By the beginning of the 20th century, the Royal Navy alone had operated more than 100 such steam-powered boats. The later units displaced some 200 tons each and could reach 25 kt.

By World War I, there was already a division of torpedo boats into smaller attack craft (the torpedo boat) and slightly larger defensive craft (the torpedo boat destroyer), and this division increased during the war. The small torpedo boat virtually disappeared, and the torpedo boat destroyer emerged as the multi-role destroyer, a larger and far more capable type offering high speed together with a gun and torpedo armament. The original stream of small attack craft did not disappear entirely, however, for as late as 1918 the Germans were producing such craft. The vessels of the ‘A92’ class, for example, displaced 392 tons and had an overall length of 61.2 m (200.75 ft), and their geared steam turbines delivered 6,000 hp (4475 kW) to two shafts for a maximum speed of 26.7 kt; the armament comprised two 88-mm (3.46-in) guns and one 450-mm (17.7-in) torpedo tube.

The trouble with such torpedo boats, however, was that they were too small and vulnerable for fleet operations, and at the same time too large and unhandy for coastal operations against convoys escorted by destroyers. Thus the mantle of coastal operations, now firmly established as the metier of such torpedo boats, shifted onto the shoulders of the type of smaller craft made possible by the replacement of the steam powerplant by the internal combustion engine.

The main thrusting force in the development of such torpedo boats was the German navy. The ‘LM’ class units of 1917/18 each displaced between 15 and 17 tons and possessed an overall length of between 14.6 and 17.1 m (48 and 56 ft). Each unit was powered by three Maybach petrol engines delivering a total of between 630 and 720 hp (470 and 535 kW) to three shafts for a maximum speed of between 28 and 32 kt. The armament was a single 450-mm (17.7-mm) torpedo tube.

On the other side of the maritime front line, the British developed a similar though smaller type as the coastal motor boat (CMB) that entered service in 1916. The CMB was evolved from pre-war racing boats with a stepped hydroplaning hull that allowed speeds in excess of 40 kt. The type was too small and light to carry a torpedo tube, so the boats were armed with a single torpedo that was launched tail-first over a stern chute, the boat then having the agility to swerve out of the torpedo’s path as the latter accelerated along the boat’s original course. The boats were built in 40-, 55- and 70-ft (12.2-, 16.8- and 21.3-m) lengths, the most numerous being the 55-ft (16.8-m) type that was built in several forms with different engines and armaments. The typical 55-ft CMB had a displacement of 11 tons and an overall length of 60 ft (18.3 m) over the torpedo-launching chute. Two petrol engines delivered between 750 and 900 hp (560 and 670 kW) to two shafts for a maximum speed of between 34 and 42 kt. The armament comprised one or two 18-in (457-mm) torpedoes, four 0.303-in (7.7-mm) Lewis machine guns, and up to four depth charges.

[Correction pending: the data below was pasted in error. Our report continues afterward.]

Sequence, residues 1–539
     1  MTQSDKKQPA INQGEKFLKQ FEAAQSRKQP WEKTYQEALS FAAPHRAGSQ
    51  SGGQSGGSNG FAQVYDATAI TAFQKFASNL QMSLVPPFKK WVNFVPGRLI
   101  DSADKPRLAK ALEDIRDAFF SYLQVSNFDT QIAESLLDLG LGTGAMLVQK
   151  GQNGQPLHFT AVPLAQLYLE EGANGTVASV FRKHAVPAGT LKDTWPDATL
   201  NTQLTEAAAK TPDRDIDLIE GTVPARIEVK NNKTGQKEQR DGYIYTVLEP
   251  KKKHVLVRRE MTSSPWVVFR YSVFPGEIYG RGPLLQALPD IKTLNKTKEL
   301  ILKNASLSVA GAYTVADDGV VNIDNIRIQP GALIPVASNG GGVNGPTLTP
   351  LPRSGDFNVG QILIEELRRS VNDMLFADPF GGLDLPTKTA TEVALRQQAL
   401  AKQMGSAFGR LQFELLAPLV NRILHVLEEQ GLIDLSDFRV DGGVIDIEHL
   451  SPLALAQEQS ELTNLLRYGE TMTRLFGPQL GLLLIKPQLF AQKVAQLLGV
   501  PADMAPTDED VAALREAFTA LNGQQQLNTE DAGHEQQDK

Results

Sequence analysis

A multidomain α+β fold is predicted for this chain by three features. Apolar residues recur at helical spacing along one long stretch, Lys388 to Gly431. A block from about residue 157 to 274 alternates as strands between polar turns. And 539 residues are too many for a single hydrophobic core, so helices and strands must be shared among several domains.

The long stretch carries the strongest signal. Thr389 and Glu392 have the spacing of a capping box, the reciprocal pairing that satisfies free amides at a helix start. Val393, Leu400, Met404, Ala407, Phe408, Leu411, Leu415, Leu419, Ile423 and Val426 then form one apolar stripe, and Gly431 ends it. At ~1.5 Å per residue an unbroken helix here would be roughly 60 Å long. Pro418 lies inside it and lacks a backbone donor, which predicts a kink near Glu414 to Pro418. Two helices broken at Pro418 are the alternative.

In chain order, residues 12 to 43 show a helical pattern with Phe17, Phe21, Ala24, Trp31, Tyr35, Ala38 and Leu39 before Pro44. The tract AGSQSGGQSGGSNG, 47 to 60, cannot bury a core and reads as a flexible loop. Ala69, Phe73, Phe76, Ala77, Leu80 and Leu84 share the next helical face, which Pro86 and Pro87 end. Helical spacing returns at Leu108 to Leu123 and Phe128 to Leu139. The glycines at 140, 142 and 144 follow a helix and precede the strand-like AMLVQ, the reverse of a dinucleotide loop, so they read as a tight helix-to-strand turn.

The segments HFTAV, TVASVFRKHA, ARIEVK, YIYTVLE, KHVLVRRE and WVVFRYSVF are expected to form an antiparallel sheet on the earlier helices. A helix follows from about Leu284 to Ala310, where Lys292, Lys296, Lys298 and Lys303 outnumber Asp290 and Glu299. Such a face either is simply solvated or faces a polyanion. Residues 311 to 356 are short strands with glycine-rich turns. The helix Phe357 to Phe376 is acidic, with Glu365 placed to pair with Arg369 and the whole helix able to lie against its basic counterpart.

The World War I combatant that made the greatest use of torpedo craft was Italy, which developed as built 422 craft of several MAS types. Though completed after the war, a class that typifies such Italian craft was the ‘D’ group of the SVAN Veloce type. Each unit displaced 28.9 tons and had an overall length of 22.0 m (72.2 ft). The propulsion arrangement comprised four Isotta-Fraschini petrol engines delivering 1,600 hp (1195 kW) to four shafts or two Rognini electric motors delivering 10 hp (7.5 kW) to two shafts for silent approach, and the maximum speeds of these two arrangements were 30 kt and 4 kt respectively. The armament comprised two 450-mm (17.7-in) torpedoes, two 6.5-mm (0.26-in) machine guns and up to 20 depth charges. Two of these MAS boats showed the potential of small attack craft by torpedoing and sinking Wien, a pre-dreadnought battleship of the Austro-Hungarian navy.

During the 1920s, the concept of such coastal torpedo craft fell into disfavour, and it was only during the later 1930s that there was something of a revival. It was Germany that effectively pioneered the renaissance with S 1 of 1929, designed and built by Lürssen of Vegesack as the prototype of the new Schnellboote (fast boats) that came to be called E-boats by the Allies. The boats were based on a round-bilge rather than hard-chine hull for improved seaworthiness. S 1 displaced 51.5 tons and had an overall length of 27.0 m (88.5 ft). The propulsion arrangement comprised three Daimler-Benz petrol engines delivering 3,300 hp (2460 kW) to three shafts for a maximum speed of 34 kt, and the armament included one 20-mm cannon and two tubes for 500-mm (19.7-mm) torpedoes. S 1 proved seaworthy and effective, but serious doubts were raised about its propulsion arrangement, whose petrol engines provided shorter range than diesel units and whose fuel was known to be dangerously flammable. This last became of particular concern, for the boat lacked armour protection and would therefore be highly vulnerable to the fire that might follow hits from conventional rounds, let alone incendiary projectiles.

S 6 therefore introduced the diesel-engined powerplant that remained standard in all Schnellboote up to the end of World War II. S 7 introduced the distinctive knuckled hull form, and S 18 introduced the Daimler-Benz diesel that was used in all later boats. Later boats had a raised forecastle over the torpedo tubes, and reload torpedoes were carried aft. During World War II, gun armament was increased significantly, and the Schnellboote matured as exceptional fast combat craft. Lürssen built 162 Schnellboote during World War II, and other yards produced about the same number to the basic Lürssen design. The craft were extensively used in the North Sea and Baltic Sea, but their undoubted technical merits were not matched by aggressive leadership, so their effect was less than that of the smaller and less capable British craft, which were handled with considerably greater flair.